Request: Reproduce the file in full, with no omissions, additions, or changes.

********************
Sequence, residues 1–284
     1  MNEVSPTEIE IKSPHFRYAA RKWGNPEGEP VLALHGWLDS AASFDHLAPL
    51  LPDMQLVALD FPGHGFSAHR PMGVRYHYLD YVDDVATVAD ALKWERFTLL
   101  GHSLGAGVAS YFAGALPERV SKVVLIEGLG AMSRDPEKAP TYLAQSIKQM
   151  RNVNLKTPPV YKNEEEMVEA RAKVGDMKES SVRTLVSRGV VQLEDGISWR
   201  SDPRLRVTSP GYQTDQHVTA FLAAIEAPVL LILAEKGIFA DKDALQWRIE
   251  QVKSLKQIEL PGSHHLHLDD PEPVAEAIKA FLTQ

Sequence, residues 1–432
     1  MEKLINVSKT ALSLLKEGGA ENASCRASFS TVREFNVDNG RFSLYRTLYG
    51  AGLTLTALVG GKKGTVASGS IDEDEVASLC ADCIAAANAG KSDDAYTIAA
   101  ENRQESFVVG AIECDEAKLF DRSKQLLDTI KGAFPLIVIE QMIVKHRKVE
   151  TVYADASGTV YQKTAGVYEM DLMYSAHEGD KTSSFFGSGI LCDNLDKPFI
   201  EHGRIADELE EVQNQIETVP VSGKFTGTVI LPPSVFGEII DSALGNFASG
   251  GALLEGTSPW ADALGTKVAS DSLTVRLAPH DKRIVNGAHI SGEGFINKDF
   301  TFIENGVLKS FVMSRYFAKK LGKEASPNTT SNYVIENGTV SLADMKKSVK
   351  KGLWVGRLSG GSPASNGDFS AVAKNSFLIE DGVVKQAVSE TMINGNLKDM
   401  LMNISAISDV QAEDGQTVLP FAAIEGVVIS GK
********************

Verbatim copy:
Sequence, residues 1–284
     1  MNEVSPTEIE IKSPHFRYAA RKWGNPEGEP VLALHGWLDS AASFDHLAPL
    51  LPDMQLVALD FPGHGFSAHR PMGVRYHYLD YVDDVATVAD ALKWERFTLL
   101  GHSLGAGVAS YFAGALPERV SKVVLIEGLG AMSRDPEKAP TYLAQSIKQM
   151  RNVNLKTPPV YKNEEEMVEA RAKVGDMKES SVRTLVSRGV VQLEDGISWR
   201  SDPRLRVTSP GYQTDQHVTA FLAAIEAPVL LILAEKGIFA DKDALQWRIE
   251  QVKSLKQIEL PGSHHLHLDD PEPVAEAIKA FLTQ

Sequence, residues 1–432
     1  MEKLINVSKT ALSLLKEGGA ENASCRASFS TVREFNVDNG RFSLYRTLYG
    51  AGLTLTALVG GKKGTVASGS IDEDEVASLC ADCIAAANAG KSDDAYTIAA
   101  ENRQESFVVG AIECDEAKLF DRSKQLLDTI KGAFPLIVIE QMIVKHRKVE
   151  TVYADASGTV YQKTAGVYEM DLMYSAHEGD KTSSFFGSGI LCDNLDKPFI
   201  EHGRIADELE EVQNQIETVP VSGKFTGTVI LPPSVFGEII DSALGNFASG
   251  GALLEGTSPW ADALGTKVAS DSLTVRLAPH DKRIVNGAHI SGEGFINKDF
   301  TFIENGVLKS FVMSRYFAKK LGKEASPNTT SNYVIENGTV SLADMKKSVK
   351  KGLWVGRLSG GSPASNGDFS AVAKNSFLIE DGVVKQAVSE TMINGNLKDM
   401  LMNISAISDV QAEDGQTVLP FAAIEGVVIS GK